Hollywood is investing in Big Data analysis, with several studios employing startups such as Hooked and Movio to help improve the creative and marketing aspects of moviemaking. In an oversaturated market, Startups may be the help the film needs to keep its grip on the entertainment industry.
Modern movie making technology is giving us more spectacular cinema experiences than ever before, but despite this, Hollywood is finding that younger audiences just aren’t going to the movies as often as their parents. Can big data help?
Not all movies can be a part of a huge franchise that creates its media buzz simply by using its name (we’re looking at you, Star Wars). To get more traction with new intellectual properties and standalone stories, and even to refresh old series, executives are starting to turn to data analysis to more accurately target the right audience for their film.
The move is not typical of the movie industry, where decisions are based on instinct and experience, which creates an atmosphere of uncertainty among investors who spend millions before finding out if they have gold or lead.
Studios need more predictable returns on their investments, and big data analysis can help them achieve that goal even if they have to turn to a technology that some may not want.
The Startup that Hollywood Needs
Hooked is one of the many startups being employed by the film industry, and it intends to use data to discover the next big story.Their product uses an app that provides users with a story in the format of a text message conversation.Click To Tweet
The company has aspirations of making the next Matrix or Harry Potter, and to that end, they have made bold pitches to Hollywood that have been picked up by companies like Warner Bros. and the talent agency WME.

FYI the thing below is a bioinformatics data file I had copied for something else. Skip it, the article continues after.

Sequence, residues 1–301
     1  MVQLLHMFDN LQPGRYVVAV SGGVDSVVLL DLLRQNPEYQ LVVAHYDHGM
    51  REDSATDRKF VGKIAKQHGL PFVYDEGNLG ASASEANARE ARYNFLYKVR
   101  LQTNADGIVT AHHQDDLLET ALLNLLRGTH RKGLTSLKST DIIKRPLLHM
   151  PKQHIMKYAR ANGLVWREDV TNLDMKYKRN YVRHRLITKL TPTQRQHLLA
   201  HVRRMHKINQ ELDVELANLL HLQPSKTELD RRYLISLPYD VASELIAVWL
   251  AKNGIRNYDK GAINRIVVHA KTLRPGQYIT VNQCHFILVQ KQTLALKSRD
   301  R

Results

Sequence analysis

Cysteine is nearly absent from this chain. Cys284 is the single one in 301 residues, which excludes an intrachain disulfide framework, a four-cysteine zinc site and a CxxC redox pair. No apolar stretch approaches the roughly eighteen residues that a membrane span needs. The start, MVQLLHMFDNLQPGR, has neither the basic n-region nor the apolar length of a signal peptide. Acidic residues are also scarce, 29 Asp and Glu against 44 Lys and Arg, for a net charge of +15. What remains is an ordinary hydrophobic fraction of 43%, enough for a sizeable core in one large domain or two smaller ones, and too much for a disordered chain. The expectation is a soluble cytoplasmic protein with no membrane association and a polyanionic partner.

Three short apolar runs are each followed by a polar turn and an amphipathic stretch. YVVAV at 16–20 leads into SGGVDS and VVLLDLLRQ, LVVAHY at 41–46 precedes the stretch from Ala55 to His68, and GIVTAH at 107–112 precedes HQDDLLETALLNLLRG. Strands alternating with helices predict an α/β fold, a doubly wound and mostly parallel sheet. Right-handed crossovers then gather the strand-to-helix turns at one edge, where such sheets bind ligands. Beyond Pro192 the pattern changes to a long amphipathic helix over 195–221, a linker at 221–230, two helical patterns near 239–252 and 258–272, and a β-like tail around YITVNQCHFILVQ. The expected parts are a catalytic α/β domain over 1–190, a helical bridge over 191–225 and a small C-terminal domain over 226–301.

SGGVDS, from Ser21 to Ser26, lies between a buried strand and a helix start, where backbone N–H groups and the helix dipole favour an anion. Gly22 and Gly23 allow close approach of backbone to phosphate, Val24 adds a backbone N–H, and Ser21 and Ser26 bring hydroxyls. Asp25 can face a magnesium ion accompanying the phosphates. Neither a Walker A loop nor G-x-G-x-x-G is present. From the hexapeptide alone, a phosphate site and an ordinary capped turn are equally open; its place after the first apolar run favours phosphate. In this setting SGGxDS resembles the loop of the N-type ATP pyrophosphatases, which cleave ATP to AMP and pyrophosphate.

To gather data, Hooked gives readers a piece of a story within a few text messages, forcing them to click a button if they want to get the next piece.
The process gathers data in a deceptively simple way; it becomes apparent that a story has stopped being interesting when a reader stops clicking the ‘next’ button.
Hooked can then analyze the data that they receive from their stories to not only tell Hollywood execs if a story will or will not work, but also what parts of a story were more interesting and where that interest died out.The app essentially gives film productions access to more organic focus groups with tools viewers already use everyday.Click To Tweet
The platform also gives creative writers a chance to ply their trade by recruiting graduates from creative writing programs to build up their library of stories. Around 9,000 stories have already been published by the platform, any one of which could be a beneficial shot in the arm for the career of the next big script author.
Other Data-Based Efforts in the Film Industry
Hooked is unique in that it targets the creative side of the film industry, but data analysis is also responsible for helping Hollywood in the areas of marketing and advertisement. For example, the startup
For example, the startup Movio has been tapped by major studios such as Sony Pictures to analyze demographic data so that movies can be measured and targeted to specific audiences.
Data analysis represents a tool that can be used by all sides of the film industry for a benefit. According to
According to Molly Schmidt, an investor at WME Ventures, for Hollywood, most films require a huge capital investment, so the more data that’s available, the easier it is to get them made.” On the creative side, that means apps like Hooked which can leverage users as focus groups, and on the marketing side studios and cinema chains can use third-party tech firms to target their advertising campaigns to maximum effect.
On the creative side, that means apps like Hooked which can leverage users as focus groups, and on the marketing side studios and cinema chains can use third-party tech firms to target their advertising campaigns to maximum effect.
In the world of film, there will always be hits and flops, but hopefully, big data analysis will allow studios to achieve more of the former and less of the latter.